ECO-Tours only purchases trees and dirt to plant them in...
Sunday, September 23, 2012
How Can One Say What A Tree Means To Us?
When I began to plant trees, I didn’t have any idea how much they would eventually change my life. I didn’t know that trees themselves can inform your understanding of the world around you or that eventually I would “speak” for them. The first that I remember planting was a blue spruce that transformed itself from a tiny sprig, like many of us got as students on Arbor Day, to eventually dwarf the house. Since that time, I have come to know thousands of tiny sprigs. More often than not they do the same as that first tree, changing vacant land into habitat, creating from dirt, sun, water and the very air itself, a structure that supports creatures big and small. Trees are essentially the high rise apartments of the natural world. The change in me, that the trees I have planted have wrought, are greater than words can express, but I will nonetheless try.
Learning the scents of so many trees and the changes that they go through around the wheel of the seasons has given my blood vitality that comes only from being in the presence of basswood flowers in early Spring, elder blossoms in Midsummer, birch must in the Fall and the antiseptic smells of cedar swamps in the dead of Winter. Without these sublime essences, my life would be much more cold and hostile. The richness of memory and understanding that comes from learning the stories, held in the very wind itself has enriched my knowing of not only where I am, but who I am as well. When my breath can be absorbed and put to use by these sentinels of hope, I am given heart to continue to do my best in the face of adversity. Each and every tree has a story to tell if we can only learn how to listen.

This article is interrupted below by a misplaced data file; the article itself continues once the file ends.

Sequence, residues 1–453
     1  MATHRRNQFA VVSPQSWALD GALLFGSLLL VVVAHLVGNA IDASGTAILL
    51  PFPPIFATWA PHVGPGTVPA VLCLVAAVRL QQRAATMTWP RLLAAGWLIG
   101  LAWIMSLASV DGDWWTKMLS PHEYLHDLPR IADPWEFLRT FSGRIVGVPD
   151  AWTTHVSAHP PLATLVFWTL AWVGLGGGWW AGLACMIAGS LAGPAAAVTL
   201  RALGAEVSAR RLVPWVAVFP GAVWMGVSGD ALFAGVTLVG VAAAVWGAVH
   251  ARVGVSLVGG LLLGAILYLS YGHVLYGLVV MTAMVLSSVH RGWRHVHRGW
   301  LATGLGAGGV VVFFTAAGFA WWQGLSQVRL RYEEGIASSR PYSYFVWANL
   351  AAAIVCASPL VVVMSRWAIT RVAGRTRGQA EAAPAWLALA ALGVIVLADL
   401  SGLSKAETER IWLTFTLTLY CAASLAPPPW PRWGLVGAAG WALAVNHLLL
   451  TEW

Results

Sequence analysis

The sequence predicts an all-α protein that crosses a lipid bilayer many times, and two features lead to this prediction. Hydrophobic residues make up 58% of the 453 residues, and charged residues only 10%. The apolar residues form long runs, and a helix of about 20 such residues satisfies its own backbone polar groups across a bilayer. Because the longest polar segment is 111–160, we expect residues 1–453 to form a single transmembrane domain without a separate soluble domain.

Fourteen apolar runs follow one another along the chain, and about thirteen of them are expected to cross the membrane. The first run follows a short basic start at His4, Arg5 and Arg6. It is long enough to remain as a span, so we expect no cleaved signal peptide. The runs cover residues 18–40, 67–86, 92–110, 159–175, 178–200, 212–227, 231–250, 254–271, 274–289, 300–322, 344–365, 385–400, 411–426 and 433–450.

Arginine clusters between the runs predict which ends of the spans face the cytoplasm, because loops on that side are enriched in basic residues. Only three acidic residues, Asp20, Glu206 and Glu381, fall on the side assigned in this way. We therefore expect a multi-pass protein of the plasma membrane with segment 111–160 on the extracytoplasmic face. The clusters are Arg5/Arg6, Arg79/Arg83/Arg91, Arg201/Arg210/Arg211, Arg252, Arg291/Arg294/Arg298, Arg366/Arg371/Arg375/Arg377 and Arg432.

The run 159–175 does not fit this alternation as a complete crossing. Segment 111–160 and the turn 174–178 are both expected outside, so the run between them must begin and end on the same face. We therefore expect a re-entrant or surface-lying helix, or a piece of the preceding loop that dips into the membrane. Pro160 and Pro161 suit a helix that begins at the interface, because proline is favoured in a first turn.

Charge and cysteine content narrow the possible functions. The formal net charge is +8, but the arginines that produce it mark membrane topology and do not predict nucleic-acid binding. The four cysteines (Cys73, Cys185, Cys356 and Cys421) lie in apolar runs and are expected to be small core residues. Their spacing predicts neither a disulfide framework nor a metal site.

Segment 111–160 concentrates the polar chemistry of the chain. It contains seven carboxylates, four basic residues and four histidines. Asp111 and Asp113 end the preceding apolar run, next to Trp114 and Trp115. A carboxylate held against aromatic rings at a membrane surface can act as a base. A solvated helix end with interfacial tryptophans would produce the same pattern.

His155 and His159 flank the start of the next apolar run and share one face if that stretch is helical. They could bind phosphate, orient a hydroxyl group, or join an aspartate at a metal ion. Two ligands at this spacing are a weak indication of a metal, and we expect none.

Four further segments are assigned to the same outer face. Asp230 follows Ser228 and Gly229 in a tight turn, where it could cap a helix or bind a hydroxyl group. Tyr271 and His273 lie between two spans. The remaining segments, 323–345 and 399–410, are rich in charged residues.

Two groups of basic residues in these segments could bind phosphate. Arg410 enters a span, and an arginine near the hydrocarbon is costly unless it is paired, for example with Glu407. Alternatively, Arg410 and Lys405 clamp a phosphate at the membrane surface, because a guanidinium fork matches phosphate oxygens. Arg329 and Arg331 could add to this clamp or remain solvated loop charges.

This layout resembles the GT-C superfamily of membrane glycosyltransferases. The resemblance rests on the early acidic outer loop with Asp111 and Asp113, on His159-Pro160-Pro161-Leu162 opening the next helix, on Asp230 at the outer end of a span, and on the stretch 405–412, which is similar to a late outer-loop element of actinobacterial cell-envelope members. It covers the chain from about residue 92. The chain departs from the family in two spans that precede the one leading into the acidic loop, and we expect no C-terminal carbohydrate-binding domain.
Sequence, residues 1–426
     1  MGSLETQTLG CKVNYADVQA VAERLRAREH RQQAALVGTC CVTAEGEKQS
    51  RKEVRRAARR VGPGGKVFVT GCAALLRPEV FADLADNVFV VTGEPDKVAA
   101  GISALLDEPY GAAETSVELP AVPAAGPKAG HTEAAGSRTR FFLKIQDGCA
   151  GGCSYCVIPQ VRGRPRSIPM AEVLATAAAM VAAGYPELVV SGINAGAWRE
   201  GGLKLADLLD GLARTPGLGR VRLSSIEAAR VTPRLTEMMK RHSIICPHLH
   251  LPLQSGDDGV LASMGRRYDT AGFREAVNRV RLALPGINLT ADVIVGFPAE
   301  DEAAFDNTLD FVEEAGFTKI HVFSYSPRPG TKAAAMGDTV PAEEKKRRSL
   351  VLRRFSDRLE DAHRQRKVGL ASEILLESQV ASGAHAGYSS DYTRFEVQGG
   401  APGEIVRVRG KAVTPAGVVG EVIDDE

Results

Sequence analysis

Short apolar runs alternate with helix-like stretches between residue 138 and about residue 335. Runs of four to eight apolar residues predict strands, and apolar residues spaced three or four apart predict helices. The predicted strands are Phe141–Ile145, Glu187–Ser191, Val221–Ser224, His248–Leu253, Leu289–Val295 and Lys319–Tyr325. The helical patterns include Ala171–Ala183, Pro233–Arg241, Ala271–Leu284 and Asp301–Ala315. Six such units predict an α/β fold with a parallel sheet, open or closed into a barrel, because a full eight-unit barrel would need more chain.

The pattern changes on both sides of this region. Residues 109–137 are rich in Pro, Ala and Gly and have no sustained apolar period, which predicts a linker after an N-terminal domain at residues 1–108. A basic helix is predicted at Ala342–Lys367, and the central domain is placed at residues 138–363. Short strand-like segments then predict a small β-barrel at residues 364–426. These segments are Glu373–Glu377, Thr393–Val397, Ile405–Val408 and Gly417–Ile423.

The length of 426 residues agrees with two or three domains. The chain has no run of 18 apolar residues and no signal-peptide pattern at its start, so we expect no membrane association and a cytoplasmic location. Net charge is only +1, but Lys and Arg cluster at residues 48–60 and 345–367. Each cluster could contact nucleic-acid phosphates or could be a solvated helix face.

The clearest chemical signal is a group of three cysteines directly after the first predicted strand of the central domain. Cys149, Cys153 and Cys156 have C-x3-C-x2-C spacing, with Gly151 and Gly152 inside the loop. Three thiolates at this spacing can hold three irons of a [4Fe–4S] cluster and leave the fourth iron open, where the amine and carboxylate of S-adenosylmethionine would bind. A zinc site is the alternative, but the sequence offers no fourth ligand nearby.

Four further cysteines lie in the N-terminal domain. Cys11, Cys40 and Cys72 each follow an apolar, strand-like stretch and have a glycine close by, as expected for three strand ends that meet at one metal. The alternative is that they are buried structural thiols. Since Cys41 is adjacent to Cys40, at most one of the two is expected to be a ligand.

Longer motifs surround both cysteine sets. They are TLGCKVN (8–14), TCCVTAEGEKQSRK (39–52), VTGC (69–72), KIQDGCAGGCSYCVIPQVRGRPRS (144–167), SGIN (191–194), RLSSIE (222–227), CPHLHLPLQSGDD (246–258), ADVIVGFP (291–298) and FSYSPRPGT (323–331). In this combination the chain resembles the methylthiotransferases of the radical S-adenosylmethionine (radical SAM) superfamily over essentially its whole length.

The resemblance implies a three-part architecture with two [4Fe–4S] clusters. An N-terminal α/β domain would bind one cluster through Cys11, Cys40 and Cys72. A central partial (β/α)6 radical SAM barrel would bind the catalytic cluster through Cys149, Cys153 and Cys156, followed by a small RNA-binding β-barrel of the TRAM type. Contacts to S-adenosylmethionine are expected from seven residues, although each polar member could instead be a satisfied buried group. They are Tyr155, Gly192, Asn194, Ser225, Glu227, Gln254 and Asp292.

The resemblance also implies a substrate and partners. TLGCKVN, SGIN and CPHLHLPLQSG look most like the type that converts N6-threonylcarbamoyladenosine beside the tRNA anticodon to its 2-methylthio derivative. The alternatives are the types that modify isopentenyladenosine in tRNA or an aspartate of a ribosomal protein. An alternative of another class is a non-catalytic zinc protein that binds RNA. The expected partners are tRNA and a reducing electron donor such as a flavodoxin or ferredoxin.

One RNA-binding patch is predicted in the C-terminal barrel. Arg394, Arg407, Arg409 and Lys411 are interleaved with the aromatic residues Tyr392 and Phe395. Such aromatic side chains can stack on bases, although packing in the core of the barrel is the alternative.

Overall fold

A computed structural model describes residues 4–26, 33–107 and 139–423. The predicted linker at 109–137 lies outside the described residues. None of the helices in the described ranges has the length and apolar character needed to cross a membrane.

I have been amazed at the myriad shapes, sizes and structural elements, not only within a single species of tree, amongst individuals, each confronting their own environment, but amongst the many different species as well. I love my insight into biomes and my budding understanding of why certain species like to congregate together, depending on light, soils, terrain and moisture content in the soil.
Appealing as well are the creaks and moans that issue from a tree when it is buffeted by the winds of approaching storms or the ebullient rustle of the willow in the slightest breeze. The respite one gets from the first squalls of rain and the noise that the canopy makes while being pelted during a cloudburst on a hot summer day, even the drops that fall at random moments after the rain is done and gone all have stories to tell us, if we listen.
Tony C. Saladino Director-ECO-Tours of Wisconsin Inc.